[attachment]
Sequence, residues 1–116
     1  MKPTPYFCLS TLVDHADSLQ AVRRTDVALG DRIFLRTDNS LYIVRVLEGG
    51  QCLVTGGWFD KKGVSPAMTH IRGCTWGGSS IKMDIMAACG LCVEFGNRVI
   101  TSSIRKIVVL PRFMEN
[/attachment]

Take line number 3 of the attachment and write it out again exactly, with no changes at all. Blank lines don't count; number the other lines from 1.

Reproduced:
    51  QCLVTGGWFD KKGVSPAMTH IRGCTWGGSS IKMDIMAACG LCVEFGNRVI